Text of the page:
Though CHIP is also predictive of future cancer diagnosis, the association is limited to haematological cancers (Desai et al., 2018). Whereas here we see blood-derived measures of XCI-skew is predictive of all future cancer diagnoses, even when the haematological cancers are removed from the analysis. Follow-up studies to assess the risk of cancer of specific tissues in individuals with XCI-skew are needed, but we hypothesise that the relationship between XCI-skew measures in blood tissue and cancer will not be causal. Instead XCI-skew is likely a marker of chronic inflammation, which can predispose to the development of cancer through increased mutagenesis and can promote tumorigenesis by shaping the tumour microenvironment to stimulate tumour growth (Greten and Grivennikov, 2019). However, it is interesting that common environmental factors that induce chronic inflammation, such as smoking and obesity, have not been found to be risk factors for XCI-skew in our study.

We also present an association with increased atherosclerotic cardiovascular disease risk score, which captures traditional risk factors (age, total cholesterol, HDL cholesterol, smoking, diabetes, systolic blood pressure, and hypertension medication) and estimates the risk of developing CVD in the next 10 years (Goff et al., 2014). We were also able to utilise the powerful discordant twin design to validate this finding, thus excluding the possibility that the cross-sectional association was driven by the age component of the ASCVD risk score. Following our finding of a correlation between blood-derived XCI-skew and risk of CVD, ascertaining whether XCI-skew is associated with incident CVD is of upmost importance. CHIP has been robustly associated with incident CVD and this association is thought to be causal (Jaiswal et al., 2017). Furthermore, the association of CHIP and all-cause mortality is partly driven by CVD (Jaiswal et al., 2014). We lacked statistical power to demonstrate an association with all-cause mortality, though the trend was towards greater risk (HR = 1.39 [0.75–2.58]). A higher-powered study able to focus on specific causes of mortality will be of great interest and importance.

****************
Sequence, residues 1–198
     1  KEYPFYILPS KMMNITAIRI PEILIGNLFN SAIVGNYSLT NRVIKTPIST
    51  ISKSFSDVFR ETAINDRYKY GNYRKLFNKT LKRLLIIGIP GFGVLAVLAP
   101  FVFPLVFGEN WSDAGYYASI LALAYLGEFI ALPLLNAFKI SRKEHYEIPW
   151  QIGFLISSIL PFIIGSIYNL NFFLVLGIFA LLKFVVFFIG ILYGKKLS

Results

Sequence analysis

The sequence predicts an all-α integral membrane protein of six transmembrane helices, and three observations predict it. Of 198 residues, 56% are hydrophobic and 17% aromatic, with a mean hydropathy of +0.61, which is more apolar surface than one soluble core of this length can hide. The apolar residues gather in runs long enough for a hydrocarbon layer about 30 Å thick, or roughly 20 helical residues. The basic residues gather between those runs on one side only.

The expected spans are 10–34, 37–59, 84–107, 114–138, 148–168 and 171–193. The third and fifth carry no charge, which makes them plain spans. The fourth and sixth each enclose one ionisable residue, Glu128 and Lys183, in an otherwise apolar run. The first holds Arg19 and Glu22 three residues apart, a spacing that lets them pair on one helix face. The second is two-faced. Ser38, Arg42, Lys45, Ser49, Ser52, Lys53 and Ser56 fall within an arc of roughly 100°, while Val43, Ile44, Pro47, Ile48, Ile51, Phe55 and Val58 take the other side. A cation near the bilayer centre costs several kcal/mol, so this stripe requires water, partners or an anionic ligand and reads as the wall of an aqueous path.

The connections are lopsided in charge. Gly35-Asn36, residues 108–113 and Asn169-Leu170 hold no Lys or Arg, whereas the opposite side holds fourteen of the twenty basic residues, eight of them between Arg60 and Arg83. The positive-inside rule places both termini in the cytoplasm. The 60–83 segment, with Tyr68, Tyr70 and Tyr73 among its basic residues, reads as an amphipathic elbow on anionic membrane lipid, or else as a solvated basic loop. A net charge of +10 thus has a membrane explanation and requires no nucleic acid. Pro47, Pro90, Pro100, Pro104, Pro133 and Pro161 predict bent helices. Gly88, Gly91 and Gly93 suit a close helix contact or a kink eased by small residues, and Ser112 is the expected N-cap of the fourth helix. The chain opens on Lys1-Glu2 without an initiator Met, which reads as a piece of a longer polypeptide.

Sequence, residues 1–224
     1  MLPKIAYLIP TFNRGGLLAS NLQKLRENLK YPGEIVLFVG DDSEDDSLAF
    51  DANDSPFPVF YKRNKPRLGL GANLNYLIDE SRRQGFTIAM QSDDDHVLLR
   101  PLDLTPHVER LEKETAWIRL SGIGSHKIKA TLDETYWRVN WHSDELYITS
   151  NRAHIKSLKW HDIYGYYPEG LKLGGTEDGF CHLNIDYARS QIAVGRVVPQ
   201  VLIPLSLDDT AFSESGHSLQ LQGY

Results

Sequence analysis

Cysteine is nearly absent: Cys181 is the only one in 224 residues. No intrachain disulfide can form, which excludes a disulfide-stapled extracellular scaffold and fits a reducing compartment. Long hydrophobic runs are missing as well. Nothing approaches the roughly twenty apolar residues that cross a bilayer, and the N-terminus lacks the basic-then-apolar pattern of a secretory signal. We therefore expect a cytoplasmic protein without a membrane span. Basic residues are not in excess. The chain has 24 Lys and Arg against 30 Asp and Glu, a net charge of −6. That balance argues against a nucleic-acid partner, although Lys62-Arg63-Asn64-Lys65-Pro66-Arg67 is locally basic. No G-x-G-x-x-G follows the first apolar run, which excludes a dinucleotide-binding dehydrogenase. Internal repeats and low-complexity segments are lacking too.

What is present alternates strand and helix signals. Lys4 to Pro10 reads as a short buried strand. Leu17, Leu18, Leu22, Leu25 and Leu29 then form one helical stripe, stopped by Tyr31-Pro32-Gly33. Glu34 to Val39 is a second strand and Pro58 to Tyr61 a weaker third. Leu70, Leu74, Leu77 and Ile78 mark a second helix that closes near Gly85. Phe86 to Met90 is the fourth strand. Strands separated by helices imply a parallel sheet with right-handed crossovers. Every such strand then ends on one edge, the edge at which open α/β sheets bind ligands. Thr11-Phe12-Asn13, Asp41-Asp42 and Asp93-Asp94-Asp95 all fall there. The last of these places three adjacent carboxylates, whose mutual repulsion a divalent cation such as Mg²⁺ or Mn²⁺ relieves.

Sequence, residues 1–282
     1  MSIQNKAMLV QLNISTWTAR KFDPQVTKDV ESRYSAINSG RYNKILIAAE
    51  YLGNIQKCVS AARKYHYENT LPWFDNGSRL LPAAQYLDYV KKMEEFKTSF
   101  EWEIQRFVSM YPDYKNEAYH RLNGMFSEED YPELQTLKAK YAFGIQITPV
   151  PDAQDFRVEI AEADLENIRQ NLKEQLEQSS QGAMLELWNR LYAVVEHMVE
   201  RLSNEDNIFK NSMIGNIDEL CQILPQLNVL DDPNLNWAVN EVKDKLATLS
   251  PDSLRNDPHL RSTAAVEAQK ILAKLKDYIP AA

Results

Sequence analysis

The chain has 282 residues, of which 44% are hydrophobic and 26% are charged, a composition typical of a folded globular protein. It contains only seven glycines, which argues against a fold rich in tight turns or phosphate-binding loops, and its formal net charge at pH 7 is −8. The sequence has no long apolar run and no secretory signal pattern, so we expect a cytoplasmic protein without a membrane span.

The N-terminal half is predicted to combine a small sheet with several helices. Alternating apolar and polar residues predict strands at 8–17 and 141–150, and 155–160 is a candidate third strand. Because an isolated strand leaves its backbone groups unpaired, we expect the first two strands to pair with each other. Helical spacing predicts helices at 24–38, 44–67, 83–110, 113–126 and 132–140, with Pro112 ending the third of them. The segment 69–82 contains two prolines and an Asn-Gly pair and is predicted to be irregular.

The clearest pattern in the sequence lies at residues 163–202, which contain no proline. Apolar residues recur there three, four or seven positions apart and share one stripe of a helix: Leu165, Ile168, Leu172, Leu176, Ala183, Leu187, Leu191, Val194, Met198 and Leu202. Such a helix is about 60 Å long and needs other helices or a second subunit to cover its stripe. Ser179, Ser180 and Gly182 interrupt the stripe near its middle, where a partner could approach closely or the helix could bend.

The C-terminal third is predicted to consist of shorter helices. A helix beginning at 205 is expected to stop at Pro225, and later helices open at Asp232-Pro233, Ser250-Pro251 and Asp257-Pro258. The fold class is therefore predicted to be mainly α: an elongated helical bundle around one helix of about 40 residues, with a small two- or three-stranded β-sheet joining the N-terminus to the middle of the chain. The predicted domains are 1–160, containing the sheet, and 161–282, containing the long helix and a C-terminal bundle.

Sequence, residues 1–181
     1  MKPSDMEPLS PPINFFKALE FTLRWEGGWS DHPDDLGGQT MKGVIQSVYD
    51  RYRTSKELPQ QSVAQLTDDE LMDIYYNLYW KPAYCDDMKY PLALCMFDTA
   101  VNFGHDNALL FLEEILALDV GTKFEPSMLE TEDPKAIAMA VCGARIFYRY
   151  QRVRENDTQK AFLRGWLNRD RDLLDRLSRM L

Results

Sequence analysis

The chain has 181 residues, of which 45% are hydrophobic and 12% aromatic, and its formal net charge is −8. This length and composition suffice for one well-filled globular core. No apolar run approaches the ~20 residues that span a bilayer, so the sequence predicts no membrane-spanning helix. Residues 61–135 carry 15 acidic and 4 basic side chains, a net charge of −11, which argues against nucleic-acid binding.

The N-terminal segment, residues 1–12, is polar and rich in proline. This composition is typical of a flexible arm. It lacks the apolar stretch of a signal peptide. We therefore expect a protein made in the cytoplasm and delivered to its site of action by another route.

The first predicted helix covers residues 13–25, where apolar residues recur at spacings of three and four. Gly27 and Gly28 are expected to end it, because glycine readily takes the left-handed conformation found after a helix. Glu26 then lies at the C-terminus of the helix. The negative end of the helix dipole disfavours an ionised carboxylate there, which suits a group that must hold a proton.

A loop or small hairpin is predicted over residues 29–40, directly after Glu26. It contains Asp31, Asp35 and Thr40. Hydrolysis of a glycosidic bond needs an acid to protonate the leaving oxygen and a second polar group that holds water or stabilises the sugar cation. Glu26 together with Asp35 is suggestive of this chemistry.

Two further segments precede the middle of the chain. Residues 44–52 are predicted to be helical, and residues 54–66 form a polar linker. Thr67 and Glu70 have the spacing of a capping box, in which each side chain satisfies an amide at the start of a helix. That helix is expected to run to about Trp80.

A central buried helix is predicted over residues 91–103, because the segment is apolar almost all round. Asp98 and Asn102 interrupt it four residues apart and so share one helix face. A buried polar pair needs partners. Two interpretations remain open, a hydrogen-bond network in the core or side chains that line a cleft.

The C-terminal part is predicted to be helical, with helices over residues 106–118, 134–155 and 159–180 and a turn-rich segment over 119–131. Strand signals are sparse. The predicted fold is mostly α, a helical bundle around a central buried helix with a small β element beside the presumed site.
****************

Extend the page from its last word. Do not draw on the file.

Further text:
Given the existing links between CHIP and XCI-skew as two age acquired blood traits, and that CHIP mutations can be found in individuals with XCI-skew (Busque et al., 2012), could the association between XCI-skew and CVD risk be partly driven by CHIP? It is expected that some of the individuals with XCI-skew in our study will also harbour CHIP mutations. However, a better understanding of the co-occurrence of XCI-skew and CHIP within individuals, and the mutational burden within individuals with and without XCI-skew, is an important area of future work. Whether the co-occurrence of XCI-skew and CHIP represents an amplified risk of disease, or helps better define risk categories, will be of clinical significance to establish. As the inherited genetic risk of CHIP is fast becoming better understood, deciphering the genetic predisposition to XCI-skew will also enable the assessment of potential shared genetic susceptibility between the two traits (Kar et al., 2022). However, many of the negative results in our study are crucial findings given they expose differences between the risk factors of XCI-skew and CHIP. Notably, recent work has demonstrated smoking and telomere length are causal risk factors for CHIP (Kar et al., 2022), whereas we see no association with either trait in our study, suggesting CHIP and XCI-skew have some distinct aetiologies.